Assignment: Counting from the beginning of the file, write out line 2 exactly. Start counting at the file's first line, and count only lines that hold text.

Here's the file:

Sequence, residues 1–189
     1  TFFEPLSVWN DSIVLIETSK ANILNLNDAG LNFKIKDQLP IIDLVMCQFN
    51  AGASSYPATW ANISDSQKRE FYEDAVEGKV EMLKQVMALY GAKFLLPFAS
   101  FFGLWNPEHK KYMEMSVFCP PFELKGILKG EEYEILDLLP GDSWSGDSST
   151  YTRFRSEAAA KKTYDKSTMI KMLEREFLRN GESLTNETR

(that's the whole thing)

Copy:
     1  TFFEPLSVWN DSIVLIETSK ANILNLNDAG LNFKIKDQLP IIDLVMCQFN